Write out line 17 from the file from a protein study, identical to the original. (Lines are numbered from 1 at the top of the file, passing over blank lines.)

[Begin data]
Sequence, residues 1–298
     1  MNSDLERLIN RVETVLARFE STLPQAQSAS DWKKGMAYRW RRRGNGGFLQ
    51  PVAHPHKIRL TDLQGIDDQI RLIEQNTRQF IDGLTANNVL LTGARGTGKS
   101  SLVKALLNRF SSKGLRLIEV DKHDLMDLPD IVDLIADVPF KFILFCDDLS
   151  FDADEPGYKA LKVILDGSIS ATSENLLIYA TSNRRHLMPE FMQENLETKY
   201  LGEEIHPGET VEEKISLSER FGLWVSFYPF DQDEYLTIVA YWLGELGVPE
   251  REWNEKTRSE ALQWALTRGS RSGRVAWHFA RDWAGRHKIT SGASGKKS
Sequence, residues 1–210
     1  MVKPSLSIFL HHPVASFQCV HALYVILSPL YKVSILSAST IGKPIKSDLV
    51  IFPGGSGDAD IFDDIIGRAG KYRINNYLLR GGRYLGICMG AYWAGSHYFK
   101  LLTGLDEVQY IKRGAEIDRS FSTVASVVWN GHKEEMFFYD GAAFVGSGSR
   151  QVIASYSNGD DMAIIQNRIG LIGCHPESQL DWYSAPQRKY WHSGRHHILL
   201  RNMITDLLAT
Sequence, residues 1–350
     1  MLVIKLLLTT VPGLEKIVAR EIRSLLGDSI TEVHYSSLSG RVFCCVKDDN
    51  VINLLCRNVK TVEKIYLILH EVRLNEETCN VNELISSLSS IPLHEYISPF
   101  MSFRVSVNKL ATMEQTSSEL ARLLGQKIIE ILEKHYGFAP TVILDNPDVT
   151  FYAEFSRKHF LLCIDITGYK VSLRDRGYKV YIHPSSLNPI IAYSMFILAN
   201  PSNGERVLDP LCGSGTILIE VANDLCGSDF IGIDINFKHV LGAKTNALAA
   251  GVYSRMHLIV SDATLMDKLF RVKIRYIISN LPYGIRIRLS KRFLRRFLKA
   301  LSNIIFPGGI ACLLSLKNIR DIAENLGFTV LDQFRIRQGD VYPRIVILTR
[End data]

   101  MSFRVSVNKL ATMEQTSSEL ARLLGQKIIE ILEKHYGFAP TVILDNPDVT